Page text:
When people ask me what makes a video game a video game, I say a good story that you can interact with, gameplay that is engaging and an immersive atmosphere that won’t let go of you no matter how long you play. All of these words can be used to describe Metal Gear Solid V: The Phantom Pain, or MGSV, what I believe to be the game of the year.
Graphically, the game is similar to, if not the same, as last year’s MGSV: Ground Zeroes. Lights shine in beautiful ways, the colors of Mother Base pop out at you, and the flame from the barrel of your gun gives the ounce of reality that Metal Gear games are known for. That’s not to say that the nonsensical themes often included in Metal Gear games are absent. Metal Gears look astonishing and lifelike and all the while threatening to see while on the field. MGSV is possibly one of the best looking games to come out so far in this console generation, and any graphics junkie is going to want to see what developer Hideo Kojima’s Fox engine has to offer.
In regards to the storyline, there isn’t much that I’m willing to say. The Metal Gear games are famous for their intense story, and at the risk of having a spoiler warning put at the top of this review, all I can say is that the game starts off where MGSV: Ground Zeroes left off. Snake (a.k.a Big Boss) is in a hospital, waking up from a nine-year coma caused by the helicopter crash he was in. From there, you leave the hospital you are in and … I can’t say anymore. While others say that the story of MGSV is weak when compared to the story of other games in the series, it holds its own in regards to the stories in games released recently and will not disappoint longtime fans.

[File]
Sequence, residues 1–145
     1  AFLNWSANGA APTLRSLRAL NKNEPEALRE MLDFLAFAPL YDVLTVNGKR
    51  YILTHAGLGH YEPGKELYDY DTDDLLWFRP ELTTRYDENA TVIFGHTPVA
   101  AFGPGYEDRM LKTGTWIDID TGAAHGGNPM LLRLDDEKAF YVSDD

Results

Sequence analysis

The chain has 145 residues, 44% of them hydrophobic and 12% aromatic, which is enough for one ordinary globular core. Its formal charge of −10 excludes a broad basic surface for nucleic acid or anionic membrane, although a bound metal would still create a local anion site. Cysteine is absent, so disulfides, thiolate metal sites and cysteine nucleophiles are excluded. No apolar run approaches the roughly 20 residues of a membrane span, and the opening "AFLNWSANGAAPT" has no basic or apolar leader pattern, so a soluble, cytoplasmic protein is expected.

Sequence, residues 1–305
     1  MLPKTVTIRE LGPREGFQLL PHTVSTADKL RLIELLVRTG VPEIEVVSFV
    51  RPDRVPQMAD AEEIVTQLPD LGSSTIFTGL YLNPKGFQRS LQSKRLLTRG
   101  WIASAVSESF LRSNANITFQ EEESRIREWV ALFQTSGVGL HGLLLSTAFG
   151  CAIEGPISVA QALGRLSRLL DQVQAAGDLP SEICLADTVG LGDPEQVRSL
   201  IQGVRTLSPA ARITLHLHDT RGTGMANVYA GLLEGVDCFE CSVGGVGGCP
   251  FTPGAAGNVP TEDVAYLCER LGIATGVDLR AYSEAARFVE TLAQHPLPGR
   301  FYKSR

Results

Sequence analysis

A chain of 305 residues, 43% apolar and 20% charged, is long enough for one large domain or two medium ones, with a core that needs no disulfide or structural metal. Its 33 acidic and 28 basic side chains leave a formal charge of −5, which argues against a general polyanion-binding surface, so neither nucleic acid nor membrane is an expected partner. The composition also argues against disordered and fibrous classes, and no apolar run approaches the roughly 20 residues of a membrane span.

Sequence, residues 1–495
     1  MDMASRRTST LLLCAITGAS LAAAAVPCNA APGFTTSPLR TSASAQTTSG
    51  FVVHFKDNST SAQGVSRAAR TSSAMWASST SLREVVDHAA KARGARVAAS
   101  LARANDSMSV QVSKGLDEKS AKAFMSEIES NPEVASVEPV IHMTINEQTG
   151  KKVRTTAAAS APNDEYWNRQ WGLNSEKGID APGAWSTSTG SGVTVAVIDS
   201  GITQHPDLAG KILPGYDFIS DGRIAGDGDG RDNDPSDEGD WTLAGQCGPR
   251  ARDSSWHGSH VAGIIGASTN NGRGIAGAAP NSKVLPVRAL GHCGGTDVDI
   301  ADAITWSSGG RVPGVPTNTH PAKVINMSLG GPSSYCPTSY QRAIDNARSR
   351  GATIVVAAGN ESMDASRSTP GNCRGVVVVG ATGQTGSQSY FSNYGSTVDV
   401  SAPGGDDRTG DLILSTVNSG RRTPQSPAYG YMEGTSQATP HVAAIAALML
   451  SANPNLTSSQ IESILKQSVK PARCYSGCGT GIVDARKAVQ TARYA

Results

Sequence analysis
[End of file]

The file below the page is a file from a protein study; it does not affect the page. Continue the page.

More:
Personally, controls are a big deal in any game when I’m judging gameplay. The controls need to be simple and accessible. This is one front on which MGSV stutters. The control scheme is similar to that of other MGS games, but for newcomers may seem difficult and take a couple of hours to get used to. But, once mastered, the controls are tight and responsive. Past the difficult control scheme is one of the most immersive gameplay experiences I have ever had.
If I had to define the gameplay of MGSV in one word, it would be enormous. The number of different facets and playstyles that there are in game is outrageous and has kept me entertained for around 70 hours.
Missions or random encounters can change in an instant thanks to the stealth system implemented in game, which balances high risk for reward when it comes to collecting your earnings at the end of a mission. That is not to mention the newly implemented Forward Operating Base (FOB) multiplayer system, which allows players to invade each other’s custom made mother bases to steal resources, troops and cash. The FOB system is hours of fun on its own, with new gameplay styles being adopted as the situation on an enemy’s home field evolves. Starting out sneaking around and eventually going loud is one possible strategy is that players can play out. But regardless what scenario occurs, the experience is always entertaining.
MGSV has been one of the single greatest gaming experiences of my life and highlights the difference that time and dedication make when creating a game. The endless playability of missions, the freedom of the overworld, and the immersive world all suck the player into the game, and make hours played turn into what feel like minutes. MGSV is certainly a masterpiece of gaming, and anyone that enjoys a good game will find that it exceeds all expectations.
I give Metal Gear Solid V: The Phantom Pain a 10/10.